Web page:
Lubbock, Texas (Postcard History Series)

Lubbock, Texas (Postcard History Series)

by Russell Hill
     
 

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The city of Lubbock began as a compromise between two smaller settlements known as Lubbock and Monterey. These settlements agreed to combine on December 19, 1890, and by 1891, the combined settlement was elected the new county seat as farmers, ranchers, and settlers began to arrive. In 1909, Lubbock incorporated as a city, and the Santa Fe Railroad sent its first

Overview


The city of Lubbock began as a compromise between two smaller settlements known as Lubbock and Monterey. These settlements agreed to combine on December 19, 1890, and by 1891, the combined settlement was elected the new county seat as farmers, ranchers, and settlers began to arrive. In 1909, Lubbock incorporated as a city, and the Santa Fe Railroad sent its first train south from Plainview. The Texas legislature authorized the establishment of Texas Technological College in 1923, and Lubbock won the regional contest for the new university's location. Today Lubbock is the 10th largest city in Texas with an estimated population of 230,000. The Lubbock economy thrives on agriculture, education, manufacturing, and health industries.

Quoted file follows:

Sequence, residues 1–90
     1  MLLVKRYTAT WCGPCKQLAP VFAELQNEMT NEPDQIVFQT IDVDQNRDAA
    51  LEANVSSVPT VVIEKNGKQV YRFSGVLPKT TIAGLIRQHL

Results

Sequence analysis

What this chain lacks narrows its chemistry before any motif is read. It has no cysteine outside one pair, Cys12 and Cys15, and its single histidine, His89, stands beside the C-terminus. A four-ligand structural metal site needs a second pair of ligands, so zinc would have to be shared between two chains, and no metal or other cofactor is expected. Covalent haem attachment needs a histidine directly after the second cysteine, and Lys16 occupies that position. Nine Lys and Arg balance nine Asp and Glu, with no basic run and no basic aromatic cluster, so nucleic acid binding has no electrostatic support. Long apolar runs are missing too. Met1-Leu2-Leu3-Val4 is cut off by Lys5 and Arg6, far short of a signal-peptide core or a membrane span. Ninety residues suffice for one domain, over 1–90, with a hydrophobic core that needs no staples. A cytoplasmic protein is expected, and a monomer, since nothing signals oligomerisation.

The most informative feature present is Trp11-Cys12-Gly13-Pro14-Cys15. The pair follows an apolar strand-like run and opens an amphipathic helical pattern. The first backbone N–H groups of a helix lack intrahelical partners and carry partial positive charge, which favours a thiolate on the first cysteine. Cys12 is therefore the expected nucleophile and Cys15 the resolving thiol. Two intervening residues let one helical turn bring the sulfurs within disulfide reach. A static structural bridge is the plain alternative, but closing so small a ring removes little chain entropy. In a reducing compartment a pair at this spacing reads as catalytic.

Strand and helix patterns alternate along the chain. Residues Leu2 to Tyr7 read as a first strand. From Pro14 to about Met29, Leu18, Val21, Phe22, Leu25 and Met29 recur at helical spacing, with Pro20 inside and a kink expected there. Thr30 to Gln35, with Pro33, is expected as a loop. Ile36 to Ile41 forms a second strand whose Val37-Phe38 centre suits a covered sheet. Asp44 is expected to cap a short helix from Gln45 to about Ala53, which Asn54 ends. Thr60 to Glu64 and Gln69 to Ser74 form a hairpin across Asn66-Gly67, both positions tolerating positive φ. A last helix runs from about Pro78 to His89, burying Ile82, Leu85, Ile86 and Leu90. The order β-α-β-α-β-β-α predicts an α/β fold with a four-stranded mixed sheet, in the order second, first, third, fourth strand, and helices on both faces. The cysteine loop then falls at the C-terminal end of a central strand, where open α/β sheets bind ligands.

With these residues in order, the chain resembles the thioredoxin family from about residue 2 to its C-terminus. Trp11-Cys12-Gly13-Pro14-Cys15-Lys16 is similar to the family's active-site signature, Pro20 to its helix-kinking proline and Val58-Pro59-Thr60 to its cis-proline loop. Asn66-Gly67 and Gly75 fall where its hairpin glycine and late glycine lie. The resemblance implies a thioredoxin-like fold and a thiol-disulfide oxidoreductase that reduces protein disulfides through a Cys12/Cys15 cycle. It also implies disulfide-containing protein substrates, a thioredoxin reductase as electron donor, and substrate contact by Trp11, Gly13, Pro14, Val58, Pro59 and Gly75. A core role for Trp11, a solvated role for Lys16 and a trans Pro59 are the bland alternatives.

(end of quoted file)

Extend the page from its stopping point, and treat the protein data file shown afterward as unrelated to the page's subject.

Editorial Reviews

Approximately a quarter million people reside in Lubbock, Texas, making it the tenth biggest city in the Lone Star State, but just a century ago, it had fewer than two thousand residents. Its phenomenal growth is just one of the topics covered by Russell Hill's labor of love addition to Arcadia's popular Postcard History Series.

Product Details

ISBN-13:
9780738579689
Publisher:
Arcadia Publishing SC
Publication date:
03/08/2011
Series:
Postcard History Series
Pages:
128
Sales rank:
1,090,403
Product dimensions:
6.30(w) x 9.10(h) x 0.40(d)

Meet the Author


Author Russell Hill has lived in the Lubbock area since 1970 and is a graduate of Texas Tech University. He is an avid collector of paper ephemera depicting the growth and development of Lubbock and Texas Tech. The images in this book offer the reader a rare glimpse into the history of the South Plains of Texas.

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